Splitting Wood, Writing, and Persistence
When I was last in Minnesota, my brother invited me to help with hauling wood logs to cut and split for the fireplace. I was game. Four of us set out together on the job, and at one point, while my older brother manned the chain saw and my younger brother levered out nails with my husband, it fell to me to take a turn splitting logs.
I was not a natural with an axe. Secretly, I was concerned about chopping my foot off, but I was also certain I could learn to split a log. It was a matter of trying, and of coordinating the head of the axe so it would fall deftly in the pale meat of the wood. So I set a log upright on the ground, adjusted my gloves, hefted the axe, and gave it a go.
I missed. Several times. The head of the axe buried heavily in the grass and gouged the black earth. I kept at it, adjusting my aim. Each time I nicked it, the log fell over, and I set it up again. The top began to get dents and a few splinters. Laying a second log flat to act as a base, I balanced my log upright upon it and took another whack. My younger brother offered to do it for me. I declined. More advice was given. I kept aiming the axe above the log and whacking downward. Gradually, the wood became mangled and shredded, but the log remained unsplit. I found, once my axe was wedged in the top, that it worked best to lift the log and the axe together to crack them down onto the base. At last, fifteen minutes into my effort, the log split in two.
I am not deluding myself that I’m an expert at splitting logs. In fact, after I was done, my older brother and my husband took over and handily split the rest of the logs with one swipe each. I turned to stacking the pieces. I had, however, unknowingly earned my younger brother’s admiration. He told me he was surprised by the way I had kept at it and impressed by my determination. He said, laughing, that I beat that log because I was a writer.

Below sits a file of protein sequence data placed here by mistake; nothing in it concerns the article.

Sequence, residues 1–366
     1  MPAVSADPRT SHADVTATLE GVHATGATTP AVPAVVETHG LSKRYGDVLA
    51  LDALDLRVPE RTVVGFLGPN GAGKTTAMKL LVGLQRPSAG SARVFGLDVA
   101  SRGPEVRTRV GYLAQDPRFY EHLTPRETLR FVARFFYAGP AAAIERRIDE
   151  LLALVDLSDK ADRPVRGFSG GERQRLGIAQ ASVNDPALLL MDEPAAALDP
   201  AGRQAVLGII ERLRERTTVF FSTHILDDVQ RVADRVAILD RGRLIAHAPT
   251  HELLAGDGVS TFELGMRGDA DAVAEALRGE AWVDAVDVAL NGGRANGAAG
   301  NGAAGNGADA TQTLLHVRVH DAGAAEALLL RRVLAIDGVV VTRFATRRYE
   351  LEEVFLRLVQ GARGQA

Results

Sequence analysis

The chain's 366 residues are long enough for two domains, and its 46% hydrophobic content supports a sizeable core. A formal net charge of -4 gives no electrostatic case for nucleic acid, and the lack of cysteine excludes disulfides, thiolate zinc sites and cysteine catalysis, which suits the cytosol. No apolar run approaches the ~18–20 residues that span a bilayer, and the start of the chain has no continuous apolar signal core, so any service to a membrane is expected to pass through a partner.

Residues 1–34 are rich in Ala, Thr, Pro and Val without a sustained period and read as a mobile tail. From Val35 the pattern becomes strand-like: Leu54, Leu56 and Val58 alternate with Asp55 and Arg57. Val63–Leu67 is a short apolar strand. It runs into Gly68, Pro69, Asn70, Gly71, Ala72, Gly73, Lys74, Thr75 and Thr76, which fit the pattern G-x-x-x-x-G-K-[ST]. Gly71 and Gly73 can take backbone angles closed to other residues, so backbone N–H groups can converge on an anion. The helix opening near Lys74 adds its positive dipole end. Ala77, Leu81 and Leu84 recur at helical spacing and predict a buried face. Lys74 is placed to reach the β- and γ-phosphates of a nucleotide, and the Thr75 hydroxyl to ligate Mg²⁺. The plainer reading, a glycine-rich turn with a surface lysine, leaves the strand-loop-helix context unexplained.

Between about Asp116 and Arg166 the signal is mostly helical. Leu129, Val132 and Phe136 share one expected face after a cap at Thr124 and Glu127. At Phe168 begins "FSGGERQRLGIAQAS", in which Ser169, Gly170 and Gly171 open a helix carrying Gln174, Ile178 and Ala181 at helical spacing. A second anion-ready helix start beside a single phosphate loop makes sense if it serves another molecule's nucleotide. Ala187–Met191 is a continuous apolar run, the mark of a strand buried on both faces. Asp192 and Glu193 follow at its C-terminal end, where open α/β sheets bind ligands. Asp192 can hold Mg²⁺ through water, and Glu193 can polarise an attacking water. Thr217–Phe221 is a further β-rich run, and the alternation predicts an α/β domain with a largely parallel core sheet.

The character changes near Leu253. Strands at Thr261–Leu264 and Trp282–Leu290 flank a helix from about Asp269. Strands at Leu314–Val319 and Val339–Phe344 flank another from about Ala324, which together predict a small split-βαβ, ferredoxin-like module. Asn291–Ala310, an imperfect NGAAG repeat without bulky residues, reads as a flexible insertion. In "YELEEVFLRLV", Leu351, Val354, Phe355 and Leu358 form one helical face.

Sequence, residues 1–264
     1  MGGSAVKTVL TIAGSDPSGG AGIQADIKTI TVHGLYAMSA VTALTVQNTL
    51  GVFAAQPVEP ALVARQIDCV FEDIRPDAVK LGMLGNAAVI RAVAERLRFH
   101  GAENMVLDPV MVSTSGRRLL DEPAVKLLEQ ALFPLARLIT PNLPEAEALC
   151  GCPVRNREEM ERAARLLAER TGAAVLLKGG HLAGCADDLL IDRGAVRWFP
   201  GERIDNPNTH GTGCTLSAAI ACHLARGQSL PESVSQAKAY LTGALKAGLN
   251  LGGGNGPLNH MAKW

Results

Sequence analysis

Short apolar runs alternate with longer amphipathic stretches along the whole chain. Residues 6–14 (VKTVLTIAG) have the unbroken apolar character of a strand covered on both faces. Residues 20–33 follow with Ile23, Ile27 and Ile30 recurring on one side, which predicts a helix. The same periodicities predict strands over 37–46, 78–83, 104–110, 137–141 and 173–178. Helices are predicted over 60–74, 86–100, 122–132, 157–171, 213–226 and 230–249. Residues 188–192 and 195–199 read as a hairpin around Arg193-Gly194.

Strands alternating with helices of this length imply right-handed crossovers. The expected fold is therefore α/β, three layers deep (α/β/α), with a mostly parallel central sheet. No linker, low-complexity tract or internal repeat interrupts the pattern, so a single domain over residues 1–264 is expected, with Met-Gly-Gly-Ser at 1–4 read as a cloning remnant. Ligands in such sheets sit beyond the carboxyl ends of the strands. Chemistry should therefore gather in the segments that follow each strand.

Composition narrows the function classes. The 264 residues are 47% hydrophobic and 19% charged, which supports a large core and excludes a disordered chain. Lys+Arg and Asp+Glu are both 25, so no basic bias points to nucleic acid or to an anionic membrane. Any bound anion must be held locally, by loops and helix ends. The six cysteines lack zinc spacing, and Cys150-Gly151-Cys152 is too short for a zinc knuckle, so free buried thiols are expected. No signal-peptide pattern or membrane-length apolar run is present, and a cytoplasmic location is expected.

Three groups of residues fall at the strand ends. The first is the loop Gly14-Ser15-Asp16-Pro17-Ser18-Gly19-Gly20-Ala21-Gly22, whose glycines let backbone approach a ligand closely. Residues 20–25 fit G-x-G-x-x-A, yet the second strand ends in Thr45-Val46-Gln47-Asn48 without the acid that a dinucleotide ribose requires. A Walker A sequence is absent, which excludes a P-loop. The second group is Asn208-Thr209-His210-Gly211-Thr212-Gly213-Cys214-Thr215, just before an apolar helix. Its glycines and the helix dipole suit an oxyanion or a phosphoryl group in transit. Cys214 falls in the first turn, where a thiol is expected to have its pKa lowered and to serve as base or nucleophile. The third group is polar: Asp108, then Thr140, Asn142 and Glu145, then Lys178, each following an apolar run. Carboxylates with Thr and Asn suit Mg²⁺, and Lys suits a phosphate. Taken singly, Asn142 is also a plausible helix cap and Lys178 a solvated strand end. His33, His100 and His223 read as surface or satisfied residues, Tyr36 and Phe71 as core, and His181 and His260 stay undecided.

Until then, I hadn’t thought about how persistence in one single-minded task might be connected to long-term persistence, or that one type of persistence might be training for the other. I am now hoping, however, that my triumph with the log is evidence that I’ll find my way with my writing. I am entering the seventh draft of this novel, a layered riddle of a story that I’ve been working on for a year and a half. My editor’s latest letter has pointed up a handful of significant problems that I have not managed to fix, despite my efforts, so I’m far from finished.
I wish I knew how to untangle my story problems, and I wish I knew that the outcome would be worth my toil. But I don’t know. I can only keep working and hope I’ll get there, with something to burn at the end.